ByKristin Lai, writer at
MP Staff Writer, cinephile and resident Slytherclaw // UCLA Alumna // Follow me on Twitter: kristin_lai
Kristin Lai

In the pursuit of creative genius, it's important to keep your skills in tune. While there's no replacing simple pencil on paper, some of today's technology is giving animators the chance to actually step inside their works and become a part of the worlds they've helped create.

Glen Keane, one of the Disney animators famous for bringing us characters like Ariel from The Little Mermaid, the Beast from Beast from Beauty, and Tarzan himself showed off his skills on the page and off with the help of virtual reality equipment.

With the help of The Future of Storytelling, Keane aims to help to teach attendees of the 2010 summit "how to tap into your own creativity, connecting to emotion and character."

Check out this video on how today's technology has helped him improve upon his already expert skill level and further capture his childhood creativity:

Pencil on paper


It's a tough medium to beat, but Keane concedes that it is a bit two dimensional for him.

Bringing works to life


Even without VR, he is able to bring characters to life and seemingly jump off the page.

Familiar furry face


He also discusses how he feels as if he is part, or somehow becomes, his characters in the process of drawing them.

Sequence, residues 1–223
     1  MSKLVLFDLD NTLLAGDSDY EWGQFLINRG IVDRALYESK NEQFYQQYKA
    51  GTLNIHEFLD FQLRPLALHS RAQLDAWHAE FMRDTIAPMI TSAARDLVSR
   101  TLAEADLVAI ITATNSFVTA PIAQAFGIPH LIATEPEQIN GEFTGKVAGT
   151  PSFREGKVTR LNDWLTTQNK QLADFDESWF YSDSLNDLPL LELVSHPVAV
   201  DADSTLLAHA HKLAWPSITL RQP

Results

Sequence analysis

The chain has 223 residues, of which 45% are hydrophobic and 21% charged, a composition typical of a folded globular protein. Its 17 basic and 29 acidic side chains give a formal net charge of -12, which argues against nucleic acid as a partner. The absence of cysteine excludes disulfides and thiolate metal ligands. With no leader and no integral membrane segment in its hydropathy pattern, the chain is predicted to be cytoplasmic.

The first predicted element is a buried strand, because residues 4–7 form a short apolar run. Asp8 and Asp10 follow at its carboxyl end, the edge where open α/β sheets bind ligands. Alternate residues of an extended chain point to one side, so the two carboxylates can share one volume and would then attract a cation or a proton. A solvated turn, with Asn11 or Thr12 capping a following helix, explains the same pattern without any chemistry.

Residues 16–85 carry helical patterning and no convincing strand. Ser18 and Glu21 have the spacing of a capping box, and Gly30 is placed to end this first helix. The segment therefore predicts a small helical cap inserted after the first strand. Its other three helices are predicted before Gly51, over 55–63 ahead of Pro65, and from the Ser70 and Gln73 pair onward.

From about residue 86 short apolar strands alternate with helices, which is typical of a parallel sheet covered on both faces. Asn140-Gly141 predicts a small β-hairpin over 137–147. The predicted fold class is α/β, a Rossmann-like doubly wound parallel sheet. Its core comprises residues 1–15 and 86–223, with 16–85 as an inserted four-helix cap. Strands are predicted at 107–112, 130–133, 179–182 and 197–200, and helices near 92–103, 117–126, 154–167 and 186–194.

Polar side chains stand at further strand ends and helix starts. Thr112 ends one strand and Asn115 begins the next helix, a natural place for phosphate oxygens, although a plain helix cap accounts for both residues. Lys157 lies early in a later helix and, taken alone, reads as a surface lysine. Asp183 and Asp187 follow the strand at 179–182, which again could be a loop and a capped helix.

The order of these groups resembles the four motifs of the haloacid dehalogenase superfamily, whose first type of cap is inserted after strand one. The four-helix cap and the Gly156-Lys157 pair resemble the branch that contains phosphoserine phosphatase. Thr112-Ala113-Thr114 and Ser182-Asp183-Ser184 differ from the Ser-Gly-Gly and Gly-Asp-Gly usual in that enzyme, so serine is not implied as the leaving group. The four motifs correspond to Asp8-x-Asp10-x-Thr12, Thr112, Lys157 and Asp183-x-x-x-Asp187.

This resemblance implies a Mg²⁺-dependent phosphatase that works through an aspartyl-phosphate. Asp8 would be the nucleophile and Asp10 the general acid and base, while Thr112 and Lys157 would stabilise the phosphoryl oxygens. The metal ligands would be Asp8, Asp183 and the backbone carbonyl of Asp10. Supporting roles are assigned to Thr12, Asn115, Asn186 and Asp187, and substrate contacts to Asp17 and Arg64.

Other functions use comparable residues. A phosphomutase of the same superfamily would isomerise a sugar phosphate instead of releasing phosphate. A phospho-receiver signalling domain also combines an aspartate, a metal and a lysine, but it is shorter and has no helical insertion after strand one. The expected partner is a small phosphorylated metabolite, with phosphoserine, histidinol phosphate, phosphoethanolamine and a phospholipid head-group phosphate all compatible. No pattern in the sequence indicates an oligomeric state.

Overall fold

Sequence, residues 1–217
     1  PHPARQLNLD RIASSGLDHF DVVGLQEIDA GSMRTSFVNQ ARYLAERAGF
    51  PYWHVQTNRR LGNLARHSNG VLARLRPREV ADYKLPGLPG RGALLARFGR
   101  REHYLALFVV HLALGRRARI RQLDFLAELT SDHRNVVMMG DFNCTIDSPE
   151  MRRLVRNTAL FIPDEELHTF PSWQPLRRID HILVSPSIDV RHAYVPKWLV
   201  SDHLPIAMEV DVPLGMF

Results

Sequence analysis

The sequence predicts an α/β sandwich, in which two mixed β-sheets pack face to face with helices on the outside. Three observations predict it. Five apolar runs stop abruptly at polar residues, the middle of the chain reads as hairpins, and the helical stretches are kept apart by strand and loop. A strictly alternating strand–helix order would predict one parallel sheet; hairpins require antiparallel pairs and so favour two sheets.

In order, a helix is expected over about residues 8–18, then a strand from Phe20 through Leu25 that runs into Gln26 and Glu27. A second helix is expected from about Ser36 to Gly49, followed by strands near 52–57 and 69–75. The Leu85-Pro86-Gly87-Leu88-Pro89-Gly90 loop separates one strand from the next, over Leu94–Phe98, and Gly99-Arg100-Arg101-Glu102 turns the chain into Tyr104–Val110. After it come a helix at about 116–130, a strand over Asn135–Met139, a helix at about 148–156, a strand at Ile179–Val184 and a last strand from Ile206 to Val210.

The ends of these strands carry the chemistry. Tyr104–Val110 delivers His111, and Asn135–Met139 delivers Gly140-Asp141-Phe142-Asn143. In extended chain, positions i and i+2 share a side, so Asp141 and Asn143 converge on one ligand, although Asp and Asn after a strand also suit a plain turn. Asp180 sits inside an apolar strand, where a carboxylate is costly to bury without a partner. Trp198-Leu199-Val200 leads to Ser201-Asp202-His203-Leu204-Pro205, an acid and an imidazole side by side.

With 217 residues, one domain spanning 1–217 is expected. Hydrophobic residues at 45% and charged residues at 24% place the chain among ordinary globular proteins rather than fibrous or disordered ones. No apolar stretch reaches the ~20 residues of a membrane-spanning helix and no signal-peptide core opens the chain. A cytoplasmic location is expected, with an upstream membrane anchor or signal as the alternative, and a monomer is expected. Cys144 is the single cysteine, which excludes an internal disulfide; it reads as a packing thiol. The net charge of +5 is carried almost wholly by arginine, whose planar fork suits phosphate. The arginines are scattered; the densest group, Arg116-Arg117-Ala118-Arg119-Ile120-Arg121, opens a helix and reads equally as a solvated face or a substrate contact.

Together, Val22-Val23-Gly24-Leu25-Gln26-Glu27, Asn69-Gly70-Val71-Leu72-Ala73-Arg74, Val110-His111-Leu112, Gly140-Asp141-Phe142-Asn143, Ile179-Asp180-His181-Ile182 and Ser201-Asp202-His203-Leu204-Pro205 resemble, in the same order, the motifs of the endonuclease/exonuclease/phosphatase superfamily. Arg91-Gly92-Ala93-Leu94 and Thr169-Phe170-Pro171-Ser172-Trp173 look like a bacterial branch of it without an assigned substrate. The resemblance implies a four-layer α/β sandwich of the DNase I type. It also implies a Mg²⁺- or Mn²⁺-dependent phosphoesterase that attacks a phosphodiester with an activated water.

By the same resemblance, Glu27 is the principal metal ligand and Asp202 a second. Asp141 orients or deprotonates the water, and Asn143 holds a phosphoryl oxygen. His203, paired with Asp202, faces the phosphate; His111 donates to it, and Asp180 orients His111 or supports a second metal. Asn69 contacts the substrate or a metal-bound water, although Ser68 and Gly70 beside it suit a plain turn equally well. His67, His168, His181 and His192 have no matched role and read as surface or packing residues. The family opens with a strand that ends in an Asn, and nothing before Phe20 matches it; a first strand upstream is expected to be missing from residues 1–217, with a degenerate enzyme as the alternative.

Under the Sea


Keane then joins Ariel in a 3D world where he can be fully immersed in his sketching using Tilt Brush.

A dream come true


This sculptural drawing is a way for artists to escape the flatness of paper and the confines of the real world, and instead become part of their art.

Glen Keane ends the video saying exactly what you want to hear from someone who has been an integral part in animating our childhoods:

The soul of any kind of creative art form is freedom.

If this video doesn't make your heart soar after watching it, then I don't know what will!

The Future of Storytelling Summit will be held on October 7 and 8 of this year, and will include other guest speakers like Al Gore and Margaret Atwood.

(Source: Vimeo, FoST)


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